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An opposition-mukt India is proof of a looming crisis, writes Rajdeep Sardesai

The checks and balances of democracy are under strain. Where will the challenge to any overreach come from?

columns Updated: Jun 21, 2019 08:42 IST
Rahul Gandhi’s decision to give up the party presidentship has created a vacuum which is unlikely to be filled without internal turmoil(AFP)

After being sworn in as a member of Parliament (MP) amid slogans, a senior opposition leader lamented: “Looks like this is a 10 year mandate for Modi rule.” The MP’s apprehensionwas not surprising: the opposition benches wore a distinctly deserted look and many familiar faces were missing. If the Lok Sabha offers a mirror to the state of our republic, then we are entering a unipolar age, one where diversity is giving way to a saffronised polity.

Never before, perhaps, in the history of the Indian Parliament has the opposition looked so bedraggled and dispirited. Not even in 1984 when Rajiv Gandhi won an even bigger mandate than Narendra Modi. At least then, both within Parliament and outside, there were an array of strong opposition leaders like Atal Bihari Vajpayee, LK Advani, George Fernandes and Chandrashekhar to raise their voices, not to forget regional satraps like NT Rama Rao and Ramakrishna Hegde, who had given the Congress a bloody nose in state elections. Even in the Jawaharlal Nehru and Indira Gandhi era, there were always a galaxy of opposition leaders who could be counted upon to speak up with passionate fervour.

Contrast that with the opposition predicament today. The Congress appears to be drifting into a phase of chaos and uncertainty. Rahul Gandhi’s decision to give up the party presidentship has created a vacuum which is unlikely to be filled without internal turmoil. The Left, once at the forefront of agitational politics, is now reduced to just three MPs. The Trinamool Congress, the third largest party in Parliament, is still recovering from the dramatic breach of its Bengal fortress by the Bharatiya Janata Party (BJP). The Bahujan Samaj Party(BSP)-Samajwadi Party (SP) alliance has broken even before it could really become a viable alternative. Regional parties like Jagan Reddy’s YSR Congress, K Chandrashekar Rao’s Telangana Rashtra Samithi and Naveen Patnaik’s Biju Janata Dal are looking to cut deals with the Centre to keep their state interests intact.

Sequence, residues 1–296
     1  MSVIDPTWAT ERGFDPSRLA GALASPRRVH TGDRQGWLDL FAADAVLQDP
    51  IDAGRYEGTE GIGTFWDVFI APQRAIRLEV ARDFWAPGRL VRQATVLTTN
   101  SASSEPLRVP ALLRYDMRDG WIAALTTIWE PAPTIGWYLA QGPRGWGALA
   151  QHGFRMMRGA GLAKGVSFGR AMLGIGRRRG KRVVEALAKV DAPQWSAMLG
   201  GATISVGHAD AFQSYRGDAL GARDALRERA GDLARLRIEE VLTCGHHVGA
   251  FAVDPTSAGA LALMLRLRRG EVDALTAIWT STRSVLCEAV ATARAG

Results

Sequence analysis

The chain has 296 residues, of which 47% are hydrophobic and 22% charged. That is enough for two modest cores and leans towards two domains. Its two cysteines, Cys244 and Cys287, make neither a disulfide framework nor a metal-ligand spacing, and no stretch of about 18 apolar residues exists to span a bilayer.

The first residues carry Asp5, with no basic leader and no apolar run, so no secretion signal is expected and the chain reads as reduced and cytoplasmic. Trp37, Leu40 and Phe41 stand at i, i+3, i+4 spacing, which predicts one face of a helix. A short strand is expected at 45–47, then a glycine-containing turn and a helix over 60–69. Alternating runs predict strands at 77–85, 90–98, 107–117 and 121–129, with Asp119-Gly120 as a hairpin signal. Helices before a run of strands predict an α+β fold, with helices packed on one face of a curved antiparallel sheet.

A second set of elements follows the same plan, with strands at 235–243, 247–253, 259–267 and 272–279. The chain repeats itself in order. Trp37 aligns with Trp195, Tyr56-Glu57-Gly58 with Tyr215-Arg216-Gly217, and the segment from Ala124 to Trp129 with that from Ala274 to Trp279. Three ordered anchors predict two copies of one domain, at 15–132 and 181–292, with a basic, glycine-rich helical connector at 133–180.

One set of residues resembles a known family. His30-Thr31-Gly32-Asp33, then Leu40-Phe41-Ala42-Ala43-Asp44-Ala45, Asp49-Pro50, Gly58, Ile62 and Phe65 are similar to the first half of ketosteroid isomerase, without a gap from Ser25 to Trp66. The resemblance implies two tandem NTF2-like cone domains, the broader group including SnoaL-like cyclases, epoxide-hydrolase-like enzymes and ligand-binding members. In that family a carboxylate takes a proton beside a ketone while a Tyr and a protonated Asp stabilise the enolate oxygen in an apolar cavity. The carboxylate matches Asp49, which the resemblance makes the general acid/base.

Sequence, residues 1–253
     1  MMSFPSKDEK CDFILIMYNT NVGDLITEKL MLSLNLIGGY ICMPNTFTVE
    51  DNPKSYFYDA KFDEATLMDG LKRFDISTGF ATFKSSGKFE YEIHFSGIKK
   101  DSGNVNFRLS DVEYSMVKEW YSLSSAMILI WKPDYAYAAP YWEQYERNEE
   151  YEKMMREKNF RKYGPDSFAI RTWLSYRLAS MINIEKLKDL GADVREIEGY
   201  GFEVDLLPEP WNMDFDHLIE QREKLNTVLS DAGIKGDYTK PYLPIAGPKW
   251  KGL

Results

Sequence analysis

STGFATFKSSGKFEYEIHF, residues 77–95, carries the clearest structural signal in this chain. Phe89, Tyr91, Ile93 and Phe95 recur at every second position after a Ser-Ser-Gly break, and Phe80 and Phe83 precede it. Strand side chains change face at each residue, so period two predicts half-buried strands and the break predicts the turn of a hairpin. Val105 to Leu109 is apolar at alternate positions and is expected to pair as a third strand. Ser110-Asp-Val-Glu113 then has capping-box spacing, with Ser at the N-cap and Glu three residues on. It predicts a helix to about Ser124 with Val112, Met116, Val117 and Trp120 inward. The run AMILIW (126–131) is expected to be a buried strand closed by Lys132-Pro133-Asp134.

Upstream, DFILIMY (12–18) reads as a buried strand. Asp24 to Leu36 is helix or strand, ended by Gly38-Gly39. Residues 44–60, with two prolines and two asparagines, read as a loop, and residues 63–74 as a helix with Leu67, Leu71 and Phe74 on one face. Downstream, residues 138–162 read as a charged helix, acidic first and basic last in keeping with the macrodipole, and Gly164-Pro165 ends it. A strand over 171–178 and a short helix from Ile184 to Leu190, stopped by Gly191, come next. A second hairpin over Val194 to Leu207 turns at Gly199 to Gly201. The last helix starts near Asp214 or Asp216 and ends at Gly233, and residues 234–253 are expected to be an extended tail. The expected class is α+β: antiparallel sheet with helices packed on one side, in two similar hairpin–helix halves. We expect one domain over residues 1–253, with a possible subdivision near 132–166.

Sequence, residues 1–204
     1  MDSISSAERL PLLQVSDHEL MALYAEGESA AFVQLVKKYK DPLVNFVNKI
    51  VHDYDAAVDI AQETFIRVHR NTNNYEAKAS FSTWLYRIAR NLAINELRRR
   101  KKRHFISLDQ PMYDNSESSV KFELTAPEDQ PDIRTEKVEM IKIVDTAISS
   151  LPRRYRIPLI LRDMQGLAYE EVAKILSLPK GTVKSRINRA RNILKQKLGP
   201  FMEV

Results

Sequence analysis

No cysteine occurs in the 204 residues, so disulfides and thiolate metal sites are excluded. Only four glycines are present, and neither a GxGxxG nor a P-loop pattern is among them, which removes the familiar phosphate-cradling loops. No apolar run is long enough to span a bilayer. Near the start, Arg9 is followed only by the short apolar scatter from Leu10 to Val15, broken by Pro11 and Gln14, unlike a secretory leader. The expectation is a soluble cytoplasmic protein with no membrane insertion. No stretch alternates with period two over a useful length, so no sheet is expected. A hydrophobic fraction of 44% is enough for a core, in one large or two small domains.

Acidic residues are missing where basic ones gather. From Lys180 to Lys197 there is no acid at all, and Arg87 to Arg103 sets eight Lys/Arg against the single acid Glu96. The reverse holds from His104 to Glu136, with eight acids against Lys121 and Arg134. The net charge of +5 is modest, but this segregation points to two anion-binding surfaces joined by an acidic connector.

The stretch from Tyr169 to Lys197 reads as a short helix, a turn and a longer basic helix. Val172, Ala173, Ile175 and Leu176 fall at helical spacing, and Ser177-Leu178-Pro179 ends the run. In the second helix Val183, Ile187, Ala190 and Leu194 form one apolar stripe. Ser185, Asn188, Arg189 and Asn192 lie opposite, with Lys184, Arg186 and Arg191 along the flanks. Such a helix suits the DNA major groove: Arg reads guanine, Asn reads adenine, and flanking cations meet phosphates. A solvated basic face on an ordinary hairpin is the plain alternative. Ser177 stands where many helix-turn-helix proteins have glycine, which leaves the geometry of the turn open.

Which leaves the 17th Lok Sabha looking increasingly like an opposition-mukt Parliament in which a hegemonical party with a dominant leader can call all the shots. There appears to be quite simply no one, both within the government and outside, who can remotely challenge the ruling establishment. Even restive allies like Nitish Kumar’s Janata Dal United or Uddhav Thackeray’s Shiv Sena, after being denied plum ministerial berths, have little choice this time but to suffer in silence and fall in line.

This opposition-mukt legislature is perhaps symptomatic of a deeper institutional crisis in which the checks and balances of democracy are now under strain. As the 2019 election campaign showed, large sections of the media have simply failed to offer a mirror to the government. The judiciary’s role, too, has come under the scanner in recent times with charges of impropriety.

The deleterious effects of this model of centralised decision-making have already been felt in the 16th Lok Sabha when even the Union budget was passed without debate. When attempts are initiated to change the demographics of the Jammu and Kashmir assembly, when the economy seems to be faltering and gross domestic product numbers are dodgy, who will raise a red flag? At least in the previous Parliament, the Rajya Sabha was able to offer some resistance. The fact that the government didn’t have a majority in the Upper House meant that it wasn’t easy for the ruling party to always have its way. Next year, that too could change with the BJP inching towards a majority in the Upper House.

So where will the challenge come from to any potential abuse of power? In the Rajiv years, it came from within the government when VP Singh broke away in 1987 to raise the banner of revolt. Indira Gandhi’s sweeping victory in 1971 eventually saw the opposition find its muscle when the imposition of Emergency galvanised the dissenting voices of protest.

Modi 2.0 is arguably more powerful than even Indira Gandhi in her pomp and the political opposition more discredited now. Any robust questioning then of government policies may have to be initiated by civil society at the risk of being dubbed “anti-national”: then be it the economic challenges or any attempts made to tinker with the Constitution, independent voices need to stand up and be counted.

Post script: On the first day of the 17th Lok Sabha, Prime Minister Modi asked the opposition to forget their small numbers and speak freely in Parliament. It was a fine, statesman-like gesture but, as one opposition member pointed out, Modi likes to be so at the start of every session. Will the PM walk the talk this time, or will affairs of Parliament become a ritualistic exercise?

Rajdeep Sardesai is a senior journalist and author

The views expressed are personal

First Published: Jun 20, 2019 19:41 IST